Tuesday, May 7, 2013

Don’t Be …


We say “Don’t be stubborn as a mule!” David included a horse:

Be ye not as the horse, or as the mule, which have no understanding: whose mouth must be held in with bit and bridle, lest they come near unto thee. (Psalms 32:9)

In the previous verse, David had written about God’s instructions:

I will instruct thee and teach thee in the way which thou shalt go: I will guide thee with mine eye. (Psalms 32:8)

What might these two verse have to do with the beginning of this Psalm?

Blessed is he whose transgression is forgiven, whose sin is covered. Blessed is the man unto whom the LORD imputeth not iniquity, and in whose spirit there is no guile. (Psalms 32:1-2)

These first verses were written by a man who transgressed – broke God’s law. He knew it, and attempted to keep men from knowing it by breaking another of God’s laws. This man had sinned – by doing what everyone knew was wrong, in both instances. His iniquity was depraved indifference for others – a defilement of his own soul. That man also understood forgiveness. His soul no longer carried the burden of guilt.

Instead, this man accepted God’s instruction, even the punishment that was meted out.  Although God knew of his sin, there is a necessary step that he – and we today – attempt to avoid:

I acknowledged my sin unto thee, and mine iniquity have I not hid. I said, I will confess my transgressions unto the LORD; and thou forgavest the iniquity of my sin. Selah. (Psalms 32:5)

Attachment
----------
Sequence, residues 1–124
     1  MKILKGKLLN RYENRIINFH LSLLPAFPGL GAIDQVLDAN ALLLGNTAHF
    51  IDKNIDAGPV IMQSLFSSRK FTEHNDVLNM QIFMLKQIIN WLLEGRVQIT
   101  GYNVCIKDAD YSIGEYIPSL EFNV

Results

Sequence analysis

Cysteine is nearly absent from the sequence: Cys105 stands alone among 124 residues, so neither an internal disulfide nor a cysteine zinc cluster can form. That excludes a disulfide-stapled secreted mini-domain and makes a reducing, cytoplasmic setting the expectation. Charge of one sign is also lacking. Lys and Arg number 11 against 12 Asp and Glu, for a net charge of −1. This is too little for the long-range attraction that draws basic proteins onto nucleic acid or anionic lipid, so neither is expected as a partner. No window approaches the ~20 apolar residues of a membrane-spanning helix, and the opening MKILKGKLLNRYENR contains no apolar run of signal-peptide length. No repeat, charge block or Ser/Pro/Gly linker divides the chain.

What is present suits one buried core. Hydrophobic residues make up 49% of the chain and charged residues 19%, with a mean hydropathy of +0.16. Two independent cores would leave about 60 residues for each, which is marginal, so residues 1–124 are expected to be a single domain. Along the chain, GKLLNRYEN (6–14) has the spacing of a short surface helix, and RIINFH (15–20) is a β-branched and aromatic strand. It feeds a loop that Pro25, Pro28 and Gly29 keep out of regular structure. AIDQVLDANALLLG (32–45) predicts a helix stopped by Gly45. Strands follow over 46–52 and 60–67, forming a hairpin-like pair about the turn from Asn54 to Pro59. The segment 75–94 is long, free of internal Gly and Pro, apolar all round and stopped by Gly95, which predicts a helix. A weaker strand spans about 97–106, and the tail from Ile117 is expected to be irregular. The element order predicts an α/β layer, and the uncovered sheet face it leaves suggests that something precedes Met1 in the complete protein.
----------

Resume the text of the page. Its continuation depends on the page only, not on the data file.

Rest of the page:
This Psalm isn’t the only time David wrote of his sin and God’s forgiveness.

Have mercy upon me, O God, according to thy lovingkindness: according unto the multitude of thy tender mercies blot out my transgressions. Wash me throughly from mine iniquity, and cleanse me from my sin. For I acknowledge my transgressions: and my sin is ever before me. Against thee, thee only, have I sinned, and done this evil in thy sight: that thou mightest be justified when thou speakest, and be clear when thou judgest. (Psalms 51:1-4)

He hurt others, defamed a wife, killed a man, destroyed a family, destroyed the trust of his closest friends – but it against the laws of God that David sinned.

It is against the laws of God that we sin, too. Please – do not weigh the difference between our sins and David’s. There really is none. When laws are broken, we’ve set a variety of conditions for restoring society, but God’s laws are different. He requires acknowledgement of those sins and a change of heart. Thank God, He also provides forgiveness!

David knew what was needed and shared with us:

The sacrifices of God are a broken spirit: a broken and a contrite heart, O God, thou wilt not despise. (Psalms 51:17)

In Psalm 37, David wrote of being old and knowing:

The steps of a good man are ordered by the LORD: and he delighteth in his way. Though he fall, he shall not be utterly cast down: for the LORD upholdeth him with his hand. (Psalms 37:23-24)

Learn the lesson while young. Bring to our Lord your contrite heart instead of mule-headedness.

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